I don’t quite know what to make of the report concerning the BBC’s impartiality in reporting on rural affairs. Maybe you should read it for yourself and see how many times it makes you laugh. It made me chuckle quite a lot.
Apparently the RSPB get a lot of air time because they are good at it – and that is seen as unfair by some. The RSPB can cover more ground than most organisations because it is good at land-owning, good at campaigning, good at science, good at education, good at dealing with media people and, to some extent, represents over a million people, and can talk about rural and urban things with equal facility. It’s so unfair that they are so good at everything. Whereas the Countryside Alliance isn’t good at very much and sulks.
Clearly in the race for media coverage the RSPB should be handicapped – perhaps they should have to exchange some staff with the Countryside Alliance – that would change things a bit.
Have you noticed we are seeing a lot of Brazilians on TV these days? It’s so unfair – they seem to be good at playing the game. We want more Hackney Marshes kick-around teams on our TV screens.
We also have to think of what is the typical listener to the Today programme or the Archers, or watcher of Countryfile or Springwatch. Do they resemble Robin Page or Barney White-Spunner or do they resemble Mike Clarke or Martin Harper? You decide. The RSPB, being a bit staid and sensible and dull, represents quite a lot of people. The Countryside Alliance doesn’t.
It helps if you know some of the people quoted, I guess. I know a few of them and I can hear Robin Page spluttering about the lack of people like him in the media – Robin is a one-off, and generally that is a good thing.
There is quite a lot made of the fact that there’s not much about people and quite a lot about the environment (speaking in very general terms) in BBC coverage of rural issues. Well, it’s really not clear that that is actually true but if it is, perhaps the answer lies in the figures near the beginning of the report: 80% of the UK land mass is rural but only 20% of the population live in those areas. What makes rural special and different? Maybe it’s all those trees, and lakes, and mountains, and badgers, and skylarks and pheasants and cows and wheat-fields? I’d like more coverage of livestock issues in urban news – duh!
I think the report is a bit odd. It seems to be one person’s reflections after chatting to a rather short list of slightly odd people. We are all experts on the media because we all watch TV and listen to the radio. It was written by Heather Hancock, whom I know a little as she was Head of the BBC Rural Affairs Committee when I was a member of it. The report is only Heather’s views and whilst I am sure she took every care to be balanced and fair, as would we all, if anyone else had been given the job then their report would have been rather different. So why should we take any notice of it at all? I’m not sure we should – except it is quite funny.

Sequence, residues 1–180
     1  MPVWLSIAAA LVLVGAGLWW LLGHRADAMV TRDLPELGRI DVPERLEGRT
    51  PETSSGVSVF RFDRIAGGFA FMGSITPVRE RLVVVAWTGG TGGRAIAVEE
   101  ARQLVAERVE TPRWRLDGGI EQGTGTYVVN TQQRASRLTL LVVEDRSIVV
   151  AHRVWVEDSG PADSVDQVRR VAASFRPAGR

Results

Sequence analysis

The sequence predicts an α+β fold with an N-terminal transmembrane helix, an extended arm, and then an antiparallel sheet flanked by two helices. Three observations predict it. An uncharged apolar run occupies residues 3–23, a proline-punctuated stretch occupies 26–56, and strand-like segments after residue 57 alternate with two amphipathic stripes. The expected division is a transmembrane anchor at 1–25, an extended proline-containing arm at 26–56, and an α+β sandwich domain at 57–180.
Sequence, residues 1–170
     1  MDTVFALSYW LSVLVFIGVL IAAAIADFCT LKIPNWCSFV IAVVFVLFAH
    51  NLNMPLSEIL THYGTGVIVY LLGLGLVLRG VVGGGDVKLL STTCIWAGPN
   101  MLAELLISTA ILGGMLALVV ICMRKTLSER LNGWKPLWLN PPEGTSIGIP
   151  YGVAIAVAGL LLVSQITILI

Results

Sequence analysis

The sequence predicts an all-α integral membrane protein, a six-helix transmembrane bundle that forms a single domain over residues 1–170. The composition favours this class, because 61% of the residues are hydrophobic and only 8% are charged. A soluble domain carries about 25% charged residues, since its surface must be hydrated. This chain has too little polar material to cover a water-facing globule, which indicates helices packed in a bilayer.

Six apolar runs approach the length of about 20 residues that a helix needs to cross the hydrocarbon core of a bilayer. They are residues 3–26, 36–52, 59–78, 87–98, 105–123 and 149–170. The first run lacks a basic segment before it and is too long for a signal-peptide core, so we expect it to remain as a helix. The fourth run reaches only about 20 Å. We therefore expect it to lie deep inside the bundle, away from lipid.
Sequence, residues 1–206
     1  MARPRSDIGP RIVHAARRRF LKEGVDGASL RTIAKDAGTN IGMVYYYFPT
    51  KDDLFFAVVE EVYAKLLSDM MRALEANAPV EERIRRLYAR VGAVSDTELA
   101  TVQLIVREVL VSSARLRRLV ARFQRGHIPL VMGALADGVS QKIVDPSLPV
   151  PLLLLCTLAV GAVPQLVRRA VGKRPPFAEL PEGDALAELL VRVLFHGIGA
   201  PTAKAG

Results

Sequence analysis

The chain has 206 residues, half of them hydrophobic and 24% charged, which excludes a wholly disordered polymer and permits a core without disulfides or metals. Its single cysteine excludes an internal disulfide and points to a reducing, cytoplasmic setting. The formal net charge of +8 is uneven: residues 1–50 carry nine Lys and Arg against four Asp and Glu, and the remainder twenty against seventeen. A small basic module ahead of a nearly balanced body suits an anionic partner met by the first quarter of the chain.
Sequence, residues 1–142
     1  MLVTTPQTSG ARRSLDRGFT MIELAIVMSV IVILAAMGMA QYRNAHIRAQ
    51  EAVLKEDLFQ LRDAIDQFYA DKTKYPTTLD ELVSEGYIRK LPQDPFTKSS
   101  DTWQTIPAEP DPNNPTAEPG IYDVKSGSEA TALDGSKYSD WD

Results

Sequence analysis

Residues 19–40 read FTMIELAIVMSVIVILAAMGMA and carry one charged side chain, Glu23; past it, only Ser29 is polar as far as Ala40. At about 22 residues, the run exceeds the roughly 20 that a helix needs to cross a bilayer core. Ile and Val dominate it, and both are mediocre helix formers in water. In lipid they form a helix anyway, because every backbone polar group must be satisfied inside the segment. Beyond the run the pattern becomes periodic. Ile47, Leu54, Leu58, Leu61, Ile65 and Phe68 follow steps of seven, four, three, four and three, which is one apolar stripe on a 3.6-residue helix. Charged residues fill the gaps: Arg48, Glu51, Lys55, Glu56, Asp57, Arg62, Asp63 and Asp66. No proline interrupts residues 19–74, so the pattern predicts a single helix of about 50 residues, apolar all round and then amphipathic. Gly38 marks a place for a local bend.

Here are my ‘findings’ on the subject:
- BBC coverage of rural issues does not take anything like enough account of the fact that we are all paying for much of what happens in the countryside through grants and government spending and that therefore, particularly in a time of austerity, the status quo needs to be questioned.
- Farming Today needs a wider range of presenters who will ask challenging questions of farmers’ representatives on behalf of us all. The programme is about farming not an advert for it. Here’s an example.
- The Today programme needs to cover rural issues more and take a similarly hard-edged approach to them as it often does to education, the economy and foreign affairs. Rural issues are not light entertainment.
- The BBC should stage a debate on English rural issues before the next general election involving the main party leaders or, at very least, their proposed Secretaries of State for Environment where their positions on biodiversity loss, fieldsports, climate change, the planning system, forestry, flooding, fisheries and agriculture policy should be explored.
- There should be an environmental ‘thought for the day’ broadcast every day on BBC Radio 4 which should feature the views of a wide range of rural organisations and nutters – Robin Page should often be given a slot.
- All people expressing any view on anything rural on BBC programmes should be wired up to a lie-detector throughout their interviews and the results posted on the BBC website. Ideally their IQs and blood lead and alcohol levels would also be made public.